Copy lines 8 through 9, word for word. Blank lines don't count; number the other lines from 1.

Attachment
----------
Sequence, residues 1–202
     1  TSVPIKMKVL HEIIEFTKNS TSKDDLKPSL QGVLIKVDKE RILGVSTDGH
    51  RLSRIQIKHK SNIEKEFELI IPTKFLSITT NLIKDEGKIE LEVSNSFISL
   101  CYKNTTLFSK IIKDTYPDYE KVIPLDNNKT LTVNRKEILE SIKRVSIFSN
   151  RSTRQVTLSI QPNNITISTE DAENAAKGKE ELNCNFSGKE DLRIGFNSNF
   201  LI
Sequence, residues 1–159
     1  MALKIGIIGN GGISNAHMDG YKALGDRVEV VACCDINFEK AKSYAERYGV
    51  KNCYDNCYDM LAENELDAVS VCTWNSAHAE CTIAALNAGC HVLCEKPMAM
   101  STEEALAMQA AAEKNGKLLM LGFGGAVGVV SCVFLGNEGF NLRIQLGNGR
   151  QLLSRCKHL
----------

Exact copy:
     1  MALKIGIIGN GGISNAHMDG YKALGDRVEV VACCDINFEK AKSYAERYGV
    51  KNCYDNCYDM LAENELDAVS VCTWNSAHAE CTIAALNAGC HVLCEKPMAM